Monday, January 05, 2009

Reviewing the Mail: Week of 1/3

As expected, the mail was light this week -- actually, I was surprised to get anything, with most of publishing taking off for Christmas week and the mails being slow. But I did get a small handful of things, and this is what they were:

Shambling Towards Hiroshima, a short novel -- I believe officially a novella -- by James Morrow, which Tachyon will publish in trade paperback in February. It's one of Morrow's typically odd ideas -- that the Navy, in 1945, had its own doomsday-weapon plan to conquer Japan, using biological means. And those means were mutated, giant, fire-breathing iguanas, which bear more than a little resemblance to a certain movie character from a decade later. The hero of Shambling is a B-movie actor who has to put on a rubber suit and destroy a scale-model Japanese city, to scare the Japanese into surrendering so that releasing the real monsters won't be necessary. Morrow's last novella-as-a-book was the heartbreaking, magnificent City of Truth more than a decade ago; if Shambling is half as good as that, it'll be one of the best books of the year.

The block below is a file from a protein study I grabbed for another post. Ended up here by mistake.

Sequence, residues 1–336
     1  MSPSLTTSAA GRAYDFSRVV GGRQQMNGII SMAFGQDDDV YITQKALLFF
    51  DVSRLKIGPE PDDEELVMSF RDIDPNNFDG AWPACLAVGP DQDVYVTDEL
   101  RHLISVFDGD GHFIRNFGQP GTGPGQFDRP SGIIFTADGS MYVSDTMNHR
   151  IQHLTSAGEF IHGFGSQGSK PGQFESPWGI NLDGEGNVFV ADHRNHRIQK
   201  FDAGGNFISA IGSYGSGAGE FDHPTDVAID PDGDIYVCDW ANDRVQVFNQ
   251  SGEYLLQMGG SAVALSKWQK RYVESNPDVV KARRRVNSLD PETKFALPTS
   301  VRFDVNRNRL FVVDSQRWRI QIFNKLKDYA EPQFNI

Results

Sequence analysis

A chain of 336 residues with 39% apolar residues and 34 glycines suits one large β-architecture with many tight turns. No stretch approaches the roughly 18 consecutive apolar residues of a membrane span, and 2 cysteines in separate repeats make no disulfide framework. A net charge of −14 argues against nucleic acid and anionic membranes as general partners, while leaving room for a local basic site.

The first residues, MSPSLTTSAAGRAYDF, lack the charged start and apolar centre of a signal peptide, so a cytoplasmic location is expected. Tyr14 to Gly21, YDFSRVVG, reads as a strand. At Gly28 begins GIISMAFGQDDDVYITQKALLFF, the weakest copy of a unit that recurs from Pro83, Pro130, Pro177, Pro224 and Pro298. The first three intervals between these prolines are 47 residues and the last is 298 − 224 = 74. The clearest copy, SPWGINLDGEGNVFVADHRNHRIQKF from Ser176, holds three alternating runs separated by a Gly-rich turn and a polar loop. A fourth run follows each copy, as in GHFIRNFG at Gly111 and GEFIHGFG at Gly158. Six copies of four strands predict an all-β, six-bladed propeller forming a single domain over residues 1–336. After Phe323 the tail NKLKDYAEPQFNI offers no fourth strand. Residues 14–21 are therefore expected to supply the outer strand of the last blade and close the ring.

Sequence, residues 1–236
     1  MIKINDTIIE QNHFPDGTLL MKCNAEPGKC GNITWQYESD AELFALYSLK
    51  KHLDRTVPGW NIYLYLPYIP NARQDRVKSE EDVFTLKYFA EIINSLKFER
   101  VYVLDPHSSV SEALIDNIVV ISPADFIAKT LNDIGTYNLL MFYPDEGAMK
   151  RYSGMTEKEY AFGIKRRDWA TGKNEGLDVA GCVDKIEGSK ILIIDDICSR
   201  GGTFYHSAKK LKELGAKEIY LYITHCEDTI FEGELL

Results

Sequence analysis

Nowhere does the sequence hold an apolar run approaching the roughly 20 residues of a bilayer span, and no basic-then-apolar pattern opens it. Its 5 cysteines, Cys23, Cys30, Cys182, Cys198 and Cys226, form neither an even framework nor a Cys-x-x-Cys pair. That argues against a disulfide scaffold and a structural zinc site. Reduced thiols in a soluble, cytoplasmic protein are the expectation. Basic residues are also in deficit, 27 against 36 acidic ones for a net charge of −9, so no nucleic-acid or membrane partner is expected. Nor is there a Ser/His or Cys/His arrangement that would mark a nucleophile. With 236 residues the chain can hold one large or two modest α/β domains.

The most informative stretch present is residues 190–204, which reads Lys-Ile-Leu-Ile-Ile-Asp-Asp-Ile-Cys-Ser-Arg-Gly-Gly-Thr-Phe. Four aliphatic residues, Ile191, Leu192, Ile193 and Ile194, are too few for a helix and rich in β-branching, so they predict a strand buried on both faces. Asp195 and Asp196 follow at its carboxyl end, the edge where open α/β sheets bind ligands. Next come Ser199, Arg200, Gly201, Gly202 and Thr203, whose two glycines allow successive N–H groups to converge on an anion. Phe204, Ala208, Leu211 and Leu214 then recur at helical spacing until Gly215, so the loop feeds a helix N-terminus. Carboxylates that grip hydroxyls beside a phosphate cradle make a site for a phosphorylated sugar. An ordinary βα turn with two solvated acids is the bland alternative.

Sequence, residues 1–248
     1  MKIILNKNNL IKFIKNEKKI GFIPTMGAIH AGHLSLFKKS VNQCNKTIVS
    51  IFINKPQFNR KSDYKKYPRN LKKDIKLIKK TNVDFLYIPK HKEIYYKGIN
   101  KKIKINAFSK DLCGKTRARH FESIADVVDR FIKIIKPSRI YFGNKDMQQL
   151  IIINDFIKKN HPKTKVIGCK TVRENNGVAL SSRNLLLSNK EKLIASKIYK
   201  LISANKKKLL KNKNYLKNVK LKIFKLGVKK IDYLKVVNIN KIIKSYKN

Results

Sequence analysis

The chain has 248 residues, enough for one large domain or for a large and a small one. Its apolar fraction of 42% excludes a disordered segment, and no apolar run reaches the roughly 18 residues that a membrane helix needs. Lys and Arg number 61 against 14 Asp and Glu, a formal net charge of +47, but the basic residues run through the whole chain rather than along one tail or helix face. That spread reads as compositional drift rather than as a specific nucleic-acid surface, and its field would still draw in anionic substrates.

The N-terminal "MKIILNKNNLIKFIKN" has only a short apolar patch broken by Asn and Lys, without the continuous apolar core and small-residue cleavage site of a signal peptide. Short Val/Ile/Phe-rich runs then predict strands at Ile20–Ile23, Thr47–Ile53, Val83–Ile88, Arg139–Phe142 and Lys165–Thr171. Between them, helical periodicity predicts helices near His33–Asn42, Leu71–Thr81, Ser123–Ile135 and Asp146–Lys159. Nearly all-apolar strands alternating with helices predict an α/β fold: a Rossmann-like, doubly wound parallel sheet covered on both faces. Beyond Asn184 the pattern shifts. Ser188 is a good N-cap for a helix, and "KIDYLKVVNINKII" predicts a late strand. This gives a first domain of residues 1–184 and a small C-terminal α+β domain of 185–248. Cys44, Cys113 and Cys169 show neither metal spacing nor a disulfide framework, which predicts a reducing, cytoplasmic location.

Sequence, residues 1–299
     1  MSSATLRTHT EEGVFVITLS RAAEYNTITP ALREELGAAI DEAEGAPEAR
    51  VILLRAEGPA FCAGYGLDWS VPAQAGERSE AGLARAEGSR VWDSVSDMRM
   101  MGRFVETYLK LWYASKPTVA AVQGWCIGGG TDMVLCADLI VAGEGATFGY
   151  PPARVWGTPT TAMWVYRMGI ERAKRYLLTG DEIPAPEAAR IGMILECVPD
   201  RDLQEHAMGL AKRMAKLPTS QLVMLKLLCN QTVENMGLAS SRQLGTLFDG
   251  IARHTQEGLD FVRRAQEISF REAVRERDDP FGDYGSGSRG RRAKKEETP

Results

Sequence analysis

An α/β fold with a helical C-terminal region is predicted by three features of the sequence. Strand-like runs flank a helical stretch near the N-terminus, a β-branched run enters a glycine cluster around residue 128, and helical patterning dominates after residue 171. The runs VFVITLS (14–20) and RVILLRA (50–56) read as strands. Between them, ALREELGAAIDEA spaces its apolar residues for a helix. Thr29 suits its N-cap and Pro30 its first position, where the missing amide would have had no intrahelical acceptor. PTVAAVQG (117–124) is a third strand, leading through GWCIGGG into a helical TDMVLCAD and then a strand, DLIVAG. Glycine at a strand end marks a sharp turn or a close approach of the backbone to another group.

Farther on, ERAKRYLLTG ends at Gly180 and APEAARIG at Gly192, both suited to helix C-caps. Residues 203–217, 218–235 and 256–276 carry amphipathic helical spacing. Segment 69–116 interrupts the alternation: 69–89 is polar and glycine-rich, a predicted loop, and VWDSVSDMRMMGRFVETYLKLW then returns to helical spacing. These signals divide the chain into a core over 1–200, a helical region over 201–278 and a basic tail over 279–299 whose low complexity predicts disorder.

Matthew Sturges has a first novel, Midwinter, coming from Pyr as a trade paperback in March, but he's no new writer: he's already been writing comics professionally for several years, including co-writing Jack of Fables with creator Bill Willingham and runs of Blue Beetle, Salvation Run, Shadowpact, and Countdown to Mystery. Midwinter sounds like a dark epic fantasy novel -- not unlike his Pyr stablemate Joe Abercrombie -- set in the land of the Seelie.

And last for this week was a comics collection: The Martian Confederacy by Jason McNamara and Paige Braddock. It's published by Girl Twirl Comics, and came out sometime earlier this year. (Tip of the week to small publishers, or anyone sending out things to media/bloggers -- always include information about your product with the product. It doesn't need to be a long press release, though those are sometimes helpful -- just a slip of paper with the title, ISBN, publication date and other vital information is all you really need.) It's some kind of science fiction story set on Mars in 3535, with anthropomorphic bears as well as humans. (I think Mars has been semi-terraformed, since the characters are shown out on the surface with only a small breathing apparatus.)

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